TO THE POINT: Cruise industry continues to face stormy skies ahead
by Johnny McDonald
Dec 13, 2012 | 4472 views | 0 0 comments | 11 11 recommendations | email to a friend | print
Recently, three cruise ships were in San Diego’s port, which, under present travel conditions, had to be a rarity.

Coupled with a poor economy and Mexico’s cartel crime wave, the cruise ship business here hasn’t been that good of late. The business has dropped off 75 percent since the plush days in 2008. That year, 255 ships sailed into the bay.

“The Unified Port of San Diego will have 85 cruises for the 2012-13 season,” said Marguerite Elicone, manager of media relations. “However, more than 270,000 passengers are scheduled for the calendar year.”

There is hope of a turnaround, but that may not occur until between 2015 and 2017, according to projections.

As an indicator of how important these vessels are to the local economy, Port District officials said each brings in about $1 million worth of business. Total passengers from those three ships in port a few weeks ago were 8,200.

A recent feasibility study performed by the firm of Bermello Ajamil & Partners maintains that the cruise industry is still the fastest-growing tourism sector in the world and that the San Diego region can look forward to seeing more frequent cruise line calls beginning in late 2015 or beyond.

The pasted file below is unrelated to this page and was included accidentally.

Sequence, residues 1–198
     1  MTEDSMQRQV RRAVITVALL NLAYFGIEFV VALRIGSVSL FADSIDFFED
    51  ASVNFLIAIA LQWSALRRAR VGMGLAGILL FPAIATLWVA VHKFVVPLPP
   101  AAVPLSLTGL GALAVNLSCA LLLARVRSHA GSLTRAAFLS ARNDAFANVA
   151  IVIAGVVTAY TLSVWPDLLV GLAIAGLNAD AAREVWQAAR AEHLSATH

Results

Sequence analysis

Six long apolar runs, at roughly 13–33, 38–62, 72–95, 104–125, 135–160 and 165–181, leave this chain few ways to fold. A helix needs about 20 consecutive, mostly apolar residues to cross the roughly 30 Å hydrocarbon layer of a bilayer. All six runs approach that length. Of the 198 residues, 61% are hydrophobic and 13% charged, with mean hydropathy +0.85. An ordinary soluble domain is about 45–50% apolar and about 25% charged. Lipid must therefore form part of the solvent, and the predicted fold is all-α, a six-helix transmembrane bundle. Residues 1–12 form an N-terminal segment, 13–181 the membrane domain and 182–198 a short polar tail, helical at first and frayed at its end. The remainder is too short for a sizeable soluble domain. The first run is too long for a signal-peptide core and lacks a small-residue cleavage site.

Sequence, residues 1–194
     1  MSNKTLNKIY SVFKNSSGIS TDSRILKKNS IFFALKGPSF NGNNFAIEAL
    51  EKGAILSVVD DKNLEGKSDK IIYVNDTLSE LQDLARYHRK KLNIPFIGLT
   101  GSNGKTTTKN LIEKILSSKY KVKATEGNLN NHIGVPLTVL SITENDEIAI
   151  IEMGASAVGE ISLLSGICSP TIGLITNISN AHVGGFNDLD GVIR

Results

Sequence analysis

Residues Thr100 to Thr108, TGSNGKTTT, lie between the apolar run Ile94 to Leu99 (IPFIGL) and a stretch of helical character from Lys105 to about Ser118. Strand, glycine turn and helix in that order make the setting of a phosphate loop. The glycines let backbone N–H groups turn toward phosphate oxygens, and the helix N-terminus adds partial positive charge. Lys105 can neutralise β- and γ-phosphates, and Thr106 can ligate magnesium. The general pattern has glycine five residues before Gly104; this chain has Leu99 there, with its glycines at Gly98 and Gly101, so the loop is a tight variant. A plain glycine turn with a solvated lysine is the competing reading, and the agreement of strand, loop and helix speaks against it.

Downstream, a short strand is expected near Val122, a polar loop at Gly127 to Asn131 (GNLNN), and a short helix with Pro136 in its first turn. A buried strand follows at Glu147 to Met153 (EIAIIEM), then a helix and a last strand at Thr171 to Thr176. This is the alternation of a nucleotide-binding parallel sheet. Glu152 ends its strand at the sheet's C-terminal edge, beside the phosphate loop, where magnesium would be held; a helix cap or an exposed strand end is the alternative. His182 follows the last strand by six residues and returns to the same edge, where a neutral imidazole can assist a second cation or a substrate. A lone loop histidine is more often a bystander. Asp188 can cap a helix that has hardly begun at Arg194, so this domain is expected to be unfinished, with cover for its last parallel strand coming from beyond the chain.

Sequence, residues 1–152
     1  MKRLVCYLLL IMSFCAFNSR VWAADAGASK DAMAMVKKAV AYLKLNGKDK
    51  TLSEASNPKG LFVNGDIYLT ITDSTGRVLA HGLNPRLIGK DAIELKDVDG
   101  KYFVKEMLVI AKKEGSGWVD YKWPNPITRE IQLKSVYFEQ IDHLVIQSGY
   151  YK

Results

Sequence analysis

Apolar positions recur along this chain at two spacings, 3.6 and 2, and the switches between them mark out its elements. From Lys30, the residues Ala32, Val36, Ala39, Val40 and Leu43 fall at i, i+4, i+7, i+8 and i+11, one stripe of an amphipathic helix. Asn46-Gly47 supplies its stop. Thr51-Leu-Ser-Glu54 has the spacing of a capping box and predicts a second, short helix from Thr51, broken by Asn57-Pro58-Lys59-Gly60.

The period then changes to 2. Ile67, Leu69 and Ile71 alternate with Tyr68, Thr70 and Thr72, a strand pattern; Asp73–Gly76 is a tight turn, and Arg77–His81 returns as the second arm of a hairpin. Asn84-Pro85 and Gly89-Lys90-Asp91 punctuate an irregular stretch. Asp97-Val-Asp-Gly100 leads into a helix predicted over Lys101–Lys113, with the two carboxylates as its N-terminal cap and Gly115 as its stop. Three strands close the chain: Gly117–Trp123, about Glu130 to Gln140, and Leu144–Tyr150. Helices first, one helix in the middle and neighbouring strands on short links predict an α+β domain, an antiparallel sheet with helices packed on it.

The fleets have moved to ports in Galveston, Tampa, Fort Lauderdale and even New York in search of business.

Holland America, which carried

60 percent of San Diego’s market share by passenger berths sold, pulled the Oosterdam ship from the West Coast and sent it to Australia. The 2,500-passenger Carnival Spirit, which has used both San Diego and Los Angeles as homeports, also went to Australia, while Carnival’s Splendor is moving to New York next year.  

Elicone said cruise lines are looking to come back to the West Coast because the European market is getting too expensive and the Australian market is becoming saturated.

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Golfing with a view     

Historic Sail Ho Golf Club’s tree-lined par-three course at Liberty Station treats golfers to panoramic views of San Diego’s skyline and harbor. Its well-placed bunkers can offer a stiff challenge.

This course was built in the 1920s by A.G. Spalding of the Spalding Sports company.

Historically, golf great Sam Snead served as head golf pro while in the service during World War II and Phil Mickelson and Craig Stadler played in many junior golf tournaments there.

With the new Liberty Station Development by the Corky McMillin Companies, Sail Ho went through a major refurbishment and redesign by golf course architect Cary Bickler.

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Improving quality of life 

The Point Loma Association is a formation of residents and businesses committed to improving the quality of the Peninsula through beautification, education, charitable  activities and civic affairs.

It was organized in 1961 and originally called Point Loma Village Beautiful, primarily concerned with aesthetics.    

The PLA is directly involved  with federal, state and local government agencies, the Port District, San Diego Unified School District and the Peninsula Community Planning Board. Annual membership fee is $30.

— Johnny McDonald is a longtime writer and columnist for the San Diego Community Newspaper Group.
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